2.6 A dreadful warning
Finally, a case study to serve as a warning against the ever-present danger of anthropomorphism.
Case Study 7: ‘Clever Hans’
Hans von Osten lived in Berlin around the turn of the nineteenth century and was famous throughout Germany for his ability to solve mathematical problems such as 3 x 4 or 3 x 9. Not so special, you might think – but ‘Clever Hans’ was a horse. His owner, Herr von Osten, would write an expression such as 2 x 3 or 5 x 2 on a blackboard and Hans would respond by tapping the ground with his hoof the right number of times. He sometimes got the answer wrong, but his success rate was much higher than chance. People came from far and wide to watch Hans’s act and many scientists of the time accepted that he understood arithmetic and could calculate.
What do you think? Are other explanations possible? Did Hans understand arithmetic? Could he calculate?
Alas, no. The psychologist Oskar Pfungst was able to show that Hans was not even looking at the blackboard, which we may assume meant nothing to him. He was watching his master. He had learned to pick up tiny, unnoticed scraps of body language which told him when was the moment to stop tapping his hoof. If no one was present as the problem was presented, he simply tapped at random.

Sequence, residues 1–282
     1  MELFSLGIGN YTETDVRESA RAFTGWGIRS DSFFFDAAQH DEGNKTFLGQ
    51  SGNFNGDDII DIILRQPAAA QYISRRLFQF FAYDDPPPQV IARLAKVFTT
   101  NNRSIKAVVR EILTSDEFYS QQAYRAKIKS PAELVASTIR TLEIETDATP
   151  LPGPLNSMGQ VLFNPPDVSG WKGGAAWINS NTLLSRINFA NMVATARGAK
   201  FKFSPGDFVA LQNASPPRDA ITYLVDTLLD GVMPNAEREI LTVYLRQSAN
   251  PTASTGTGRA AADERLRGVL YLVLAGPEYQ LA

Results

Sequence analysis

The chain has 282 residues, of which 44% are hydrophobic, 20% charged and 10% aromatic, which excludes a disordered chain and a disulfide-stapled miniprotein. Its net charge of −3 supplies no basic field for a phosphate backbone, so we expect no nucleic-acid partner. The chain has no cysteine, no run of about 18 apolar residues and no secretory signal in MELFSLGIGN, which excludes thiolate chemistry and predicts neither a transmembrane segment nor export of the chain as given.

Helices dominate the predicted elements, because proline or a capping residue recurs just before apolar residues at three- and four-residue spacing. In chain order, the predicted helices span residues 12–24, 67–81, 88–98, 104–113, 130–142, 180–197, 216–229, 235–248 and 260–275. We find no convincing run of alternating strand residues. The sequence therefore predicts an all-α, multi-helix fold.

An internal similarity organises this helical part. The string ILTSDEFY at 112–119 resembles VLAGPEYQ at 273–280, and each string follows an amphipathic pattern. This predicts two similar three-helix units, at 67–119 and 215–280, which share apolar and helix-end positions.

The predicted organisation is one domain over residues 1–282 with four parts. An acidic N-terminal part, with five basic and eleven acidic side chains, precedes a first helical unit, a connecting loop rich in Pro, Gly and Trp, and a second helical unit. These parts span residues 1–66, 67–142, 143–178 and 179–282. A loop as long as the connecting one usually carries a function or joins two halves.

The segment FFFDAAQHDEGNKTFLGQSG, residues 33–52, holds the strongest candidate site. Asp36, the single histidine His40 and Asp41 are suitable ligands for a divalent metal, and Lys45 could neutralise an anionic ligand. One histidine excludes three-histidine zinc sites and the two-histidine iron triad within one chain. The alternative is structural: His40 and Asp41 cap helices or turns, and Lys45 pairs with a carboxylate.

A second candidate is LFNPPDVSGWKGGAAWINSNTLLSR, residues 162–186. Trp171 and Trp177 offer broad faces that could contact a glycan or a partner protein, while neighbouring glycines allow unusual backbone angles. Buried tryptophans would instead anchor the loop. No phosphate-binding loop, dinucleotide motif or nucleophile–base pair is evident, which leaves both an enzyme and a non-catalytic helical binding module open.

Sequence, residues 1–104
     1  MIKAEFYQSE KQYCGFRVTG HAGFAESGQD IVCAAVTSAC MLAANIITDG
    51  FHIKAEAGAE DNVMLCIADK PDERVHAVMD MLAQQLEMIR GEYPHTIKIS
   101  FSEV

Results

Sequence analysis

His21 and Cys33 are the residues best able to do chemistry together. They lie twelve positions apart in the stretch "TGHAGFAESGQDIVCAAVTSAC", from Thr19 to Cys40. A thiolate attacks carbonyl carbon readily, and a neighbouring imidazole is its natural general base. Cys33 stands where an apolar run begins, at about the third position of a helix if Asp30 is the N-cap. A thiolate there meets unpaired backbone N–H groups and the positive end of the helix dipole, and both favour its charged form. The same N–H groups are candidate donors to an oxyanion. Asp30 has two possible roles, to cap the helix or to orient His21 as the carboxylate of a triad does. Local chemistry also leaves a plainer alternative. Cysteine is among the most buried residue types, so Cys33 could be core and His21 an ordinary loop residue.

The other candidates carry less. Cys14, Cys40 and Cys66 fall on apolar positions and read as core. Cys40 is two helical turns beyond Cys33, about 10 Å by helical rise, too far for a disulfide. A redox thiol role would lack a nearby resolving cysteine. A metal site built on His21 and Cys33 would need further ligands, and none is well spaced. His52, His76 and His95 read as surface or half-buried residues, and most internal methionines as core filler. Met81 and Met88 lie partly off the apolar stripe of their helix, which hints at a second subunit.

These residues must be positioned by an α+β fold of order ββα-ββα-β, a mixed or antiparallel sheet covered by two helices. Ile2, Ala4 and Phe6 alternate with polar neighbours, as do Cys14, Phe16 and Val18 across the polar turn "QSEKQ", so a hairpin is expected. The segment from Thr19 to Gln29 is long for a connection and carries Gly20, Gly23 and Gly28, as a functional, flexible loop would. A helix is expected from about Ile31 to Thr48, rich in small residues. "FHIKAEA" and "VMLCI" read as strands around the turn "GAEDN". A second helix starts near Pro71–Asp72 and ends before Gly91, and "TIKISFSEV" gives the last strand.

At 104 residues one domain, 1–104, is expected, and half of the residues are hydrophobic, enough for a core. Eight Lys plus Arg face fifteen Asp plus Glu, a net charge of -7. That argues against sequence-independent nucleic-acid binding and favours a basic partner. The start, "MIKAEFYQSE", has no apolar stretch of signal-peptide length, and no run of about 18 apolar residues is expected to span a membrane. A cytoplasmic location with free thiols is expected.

Earlier in this course we defined anthropomorphism as a tendency to call behaviour ‘intelligent’ only if we can identify it with our own. Anthropomorphism is an ever-present danger when we try to make inferences about animal intelligence. Here we have an inverted case of the same problem. Looking at Hans’s behaviour, it is all too easy to imagine he had mental states – an awareness of number and sequence, an appreciation of the meaning of arithmetic operators – which he simply did not possess. He was a horse. The mental world of horses, if they have one at all, must surely be utterly remote from ours.